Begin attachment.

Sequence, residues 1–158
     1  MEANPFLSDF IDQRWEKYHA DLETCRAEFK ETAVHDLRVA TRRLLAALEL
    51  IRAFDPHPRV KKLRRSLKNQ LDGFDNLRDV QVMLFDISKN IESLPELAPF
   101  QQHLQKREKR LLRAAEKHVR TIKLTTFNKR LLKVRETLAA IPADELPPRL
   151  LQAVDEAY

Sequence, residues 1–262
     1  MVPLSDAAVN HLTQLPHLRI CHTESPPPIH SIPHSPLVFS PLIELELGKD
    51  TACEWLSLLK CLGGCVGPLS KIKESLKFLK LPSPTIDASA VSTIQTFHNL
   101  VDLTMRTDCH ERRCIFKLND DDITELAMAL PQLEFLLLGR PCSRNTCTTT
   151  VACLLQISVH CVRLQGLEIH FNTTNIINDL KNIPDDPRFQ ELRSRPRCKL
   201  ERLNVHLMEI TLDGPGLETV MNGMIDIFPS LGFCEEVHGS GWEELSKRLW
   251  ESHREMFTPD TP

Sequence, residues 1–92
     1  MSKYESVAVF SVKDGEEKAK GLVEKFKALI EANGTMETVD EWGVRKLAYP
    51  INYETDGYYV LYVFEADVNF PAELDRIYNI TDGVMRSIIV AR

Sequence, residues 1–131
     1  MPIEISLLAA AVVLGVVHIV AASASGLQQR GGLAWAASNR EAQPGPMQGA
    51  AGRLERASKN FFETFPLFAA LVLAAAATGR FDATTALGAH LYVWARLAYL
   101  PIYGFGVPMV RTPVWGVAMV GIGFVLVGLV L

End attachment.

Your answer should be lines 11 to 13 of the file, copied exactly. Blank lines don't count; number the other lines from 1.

   201  ERLNVHLMEI TLDGPGLETV MNGMIDIFPS LGFCEEVHGS GWEELSKRLW
   251  ESHREMFTPD TP

Sequence, residues 1–92